Crypto Exchange Bitstamp: Our New Matching Engine Will Be Up to 1,250 Times Faster

Siamak Masnavi

On 5 November 2018, cryptoasset exchange Bitstamp announced that it had partnered with Cinnober, a leading provider of trading and clearing technology, in order to replace its in-house developed matching engine with Cinnober’s "TRADExpress Trading System". The customized software "will be hosted and operated by Bitstamp."

As reported by CryptoGlobe, Bitstamp, which was founded in 2011 by Nejc Kodrič and Damijan Merlak, got acquired by European investment firm NXMH. In an article posted on its website, Bitstamp explained why it chose to partner with Cinnober:

"We chose Cinnober because of their proven track-record in worldwide financial marketplaces, their understanding of our vision and ability to work closely with us to customize the technology to meet our needs."

Stockholm-headquartered Cinnober was founded in 1998. Its customers include Australian Securities Exchange, Athens Stock Exchange, Dubai Gold & Commodities Exchange, Johannesburg Stock Exchange, and London Stock Exchange.

David Osojnik, Bitstamp's Chief Technology Officer, says:

“While Bitstamp’s matching engine was already very good by crypto standards, this will put us in the same league as traditional exchanges with decades of experience. Our platform’s order matching speed is expected to become 1250x faster, while throughput will increase by 400x.”

The implementation will be done in several stages, with the first stage taking place in Q1 of 2019; the new matching engine should be fully integrated into Bitstamp by the end of Q2 2019.

According to Cinnober's press release, Peter Lenardos, the CEO of the Cinnober Group, stated:

“We are excited to announce this partnership with Bitstamp, facilitating continued success for their marketplace. Bitstamp is one of the world’s leading bitcoin exchanges and has a position of trust in the digital currency trading community. By upgrading their trading technology to further improve performance and stability as interest from investors and regulators grow, they demonstrate their firm commitment to providing a safe and reliable marketplace.”

As for Bitstamp's CEO (Nejc Kodrič), he said:

"This is a crucial step on our mission to bridge the gap between crypto and traditional finance."

Eric Wall, Cinnober's Cryptocurrency & Blockchain Lead, tweeted:

 

Featured Image Courtesy of Bitstamp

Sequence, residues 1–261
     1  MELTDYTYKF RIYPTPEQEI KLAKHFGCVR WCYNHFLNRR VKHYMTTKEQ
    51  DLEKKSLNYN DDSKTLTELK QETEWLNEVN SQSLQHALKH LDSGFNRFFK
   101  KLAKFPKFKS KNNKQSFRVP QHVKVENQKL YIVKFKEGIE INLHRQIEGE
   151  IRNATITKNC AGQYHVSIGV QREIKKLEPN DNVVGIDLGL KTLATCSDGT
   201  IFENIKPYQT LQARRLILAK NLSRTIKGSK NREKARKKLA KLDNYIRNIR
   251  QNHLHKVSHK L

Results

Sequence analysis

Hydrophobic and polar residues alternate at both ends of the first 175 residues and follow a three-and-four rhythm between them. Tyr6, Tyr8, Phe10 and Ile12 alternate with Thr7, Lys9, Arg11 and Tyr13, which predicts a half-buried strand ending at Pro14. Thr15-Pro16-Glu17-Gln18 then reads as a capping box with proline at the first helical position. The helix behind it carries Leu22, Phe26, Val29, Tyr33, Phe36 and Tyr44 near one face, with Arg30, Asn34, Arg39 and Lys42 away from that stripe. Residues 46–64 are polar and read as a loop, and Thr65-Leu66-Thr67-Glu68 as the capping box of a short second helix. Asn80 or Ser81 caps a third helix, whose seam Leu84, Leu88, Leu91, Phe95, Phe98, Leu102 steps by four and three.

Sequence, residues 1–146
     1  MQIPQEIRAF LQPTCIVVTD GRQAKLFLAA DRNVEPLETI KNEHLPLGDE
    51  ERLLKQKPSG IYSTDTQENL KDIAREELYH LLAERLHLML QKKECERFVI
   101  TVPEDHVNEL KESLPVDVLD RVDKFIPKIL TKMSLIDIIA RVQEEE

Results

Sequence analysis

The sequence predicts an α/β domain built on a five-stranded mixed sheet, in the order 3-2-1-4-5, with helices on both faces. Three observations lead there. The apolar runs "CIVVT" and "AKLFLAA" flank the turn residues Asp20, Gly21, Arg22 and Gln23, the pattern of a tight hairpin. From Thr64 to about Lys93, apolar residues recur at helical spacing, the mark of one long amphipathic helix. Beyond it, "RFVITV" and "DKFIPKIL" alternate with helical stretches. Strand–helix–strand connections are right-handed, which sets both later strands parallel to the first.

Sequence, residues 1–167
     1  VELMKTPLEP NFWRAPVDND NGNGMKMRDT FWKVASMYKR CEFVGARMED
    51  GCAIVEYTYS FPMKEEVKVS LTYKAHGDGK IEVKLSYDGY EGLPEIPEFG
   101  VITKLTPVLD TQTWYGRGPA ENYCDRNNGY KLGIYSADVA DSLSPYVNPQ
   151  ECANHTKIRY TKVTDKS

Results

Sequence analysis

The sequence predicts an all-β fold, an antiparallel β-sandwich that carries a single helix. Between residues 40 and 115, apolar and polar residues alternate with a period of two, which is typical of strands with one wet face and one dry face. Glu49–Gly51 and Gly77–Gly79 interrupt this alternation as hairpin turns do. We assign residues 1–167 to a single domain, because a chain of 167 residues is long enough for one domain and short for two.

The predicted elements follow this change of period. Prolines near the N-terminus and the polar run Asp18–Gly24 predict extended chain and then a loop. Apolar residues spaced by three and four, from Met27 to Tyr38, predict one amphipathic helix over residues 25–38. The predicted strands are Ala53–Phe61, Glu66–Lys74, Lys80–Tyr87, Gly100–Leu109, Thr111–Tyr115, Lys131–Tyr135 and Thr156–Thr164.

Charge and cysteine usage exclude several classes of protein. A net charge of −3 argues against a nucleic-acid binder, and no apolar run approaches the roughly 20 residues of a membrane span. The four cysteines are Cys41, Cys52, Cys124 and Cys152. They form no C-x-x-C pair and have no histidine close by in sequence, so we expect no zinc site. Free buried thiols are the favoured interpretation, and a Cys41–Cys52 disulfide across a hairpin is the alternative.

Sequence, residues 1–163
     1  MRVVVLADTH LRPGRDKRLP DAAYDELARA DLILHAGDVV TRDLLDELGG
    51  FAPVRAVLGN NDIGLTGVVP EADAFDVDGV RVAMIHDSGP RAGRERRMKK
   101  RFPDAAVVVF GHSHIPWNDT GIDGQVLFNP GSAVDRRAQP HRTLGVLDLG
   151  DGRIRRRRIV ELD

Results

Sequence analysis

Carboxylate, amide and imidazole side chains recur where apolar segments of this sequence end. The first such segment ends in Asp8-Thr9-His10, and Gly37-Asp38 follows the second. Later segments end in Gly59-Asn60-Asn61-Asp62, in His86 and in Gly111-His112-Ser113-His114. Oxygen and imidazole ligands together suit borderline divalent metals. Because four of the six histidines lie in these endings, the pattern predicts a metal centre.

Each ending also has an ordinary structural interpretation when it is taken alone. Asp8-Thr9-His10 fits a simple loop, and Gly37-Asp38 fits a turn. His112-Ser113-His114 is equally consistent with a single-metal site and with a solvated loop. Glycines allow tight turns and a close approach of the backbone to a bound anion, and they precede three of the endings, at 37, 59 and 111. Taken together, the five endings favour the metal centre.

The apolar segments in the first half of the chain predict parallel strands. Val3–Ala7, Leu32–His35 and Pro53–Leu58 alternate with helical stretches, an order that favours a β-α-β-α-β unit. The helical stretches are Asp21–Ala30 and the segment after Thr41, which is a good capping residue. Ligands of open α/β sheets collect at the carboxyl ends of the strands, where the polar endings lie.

Peer-to-Peer Bitcoin Exchange LocalBitcoins Halts Services in Iran

LocalBitcoins, a Helsinki-based peer-to-peer cryptocurrency exchanges, has recently stopped offering its services in Iran, presumably over U.S.-led sanctions that pressured other exchanges into withdrawing their services from the country.

According to CoinDesk, various LocalBitcoins users started noticing they were having problems posting new trades and updating previous ones, before the firm’s website started showing a message in Iran’s country page stating “LocalBitcoins is currently not available in your selected region.”

A response from the peer-to-peer exchange given to an Iranian user soon started circulating on social media. It saw LocalBitcoins state:

If you have an account already, you will be able to withdraw your bitcoins, but you will not be able to use the platform for trading.

Later on, the exchange replied to several Iranian users on Twitter, stating that its services weren’t available in the country for “risk-based reasons.” The move came as a surprise, as available data shows LocalBitcoins was seeing its trading volume in Iran surge.

According to some the exchange allowed users to trade using their local bank accounts, without the need for an international credit card. As covered, sanctions have seen Iran be get banned from using the SWIFT system.

In response the country ended up launching a gold-backed cryptocurrency called “PayMon” that is based on the Stellar Lumens (XLM) network. The cryptocurrency seemingly hasn’t been mentioned since reports revealed a company called Ghoghnoos and four national banks were cooperating with authorities to produce a system for it.

Currently, Iranian users can withdraw their bitcoins from the website, but are unable to create any new trades. The move sees LocalBitcoins join a number of cryptocurrency exchanges that have withdrawn their services from the country, including Binance, Bittrex, and ShapeShift.

Nevertheless, alternatives exist. These include decentralized exchanges that allow users to trade cryptocurrencies directly from their wallets. While U.S.-led sanctions can pressure exchanges into blocking Iranian users, truly decentralized platforms won’t discriminate based on nationality.

It’s worth noting that earlier this year LocalBitcoins revealed it was working with local regulatory authorities to implement new anti-money laundering (AML) regulations to comply with local standards. In January, the exchange was breached as a hacker managed to steal $28,000 worth of crypto phishing its users.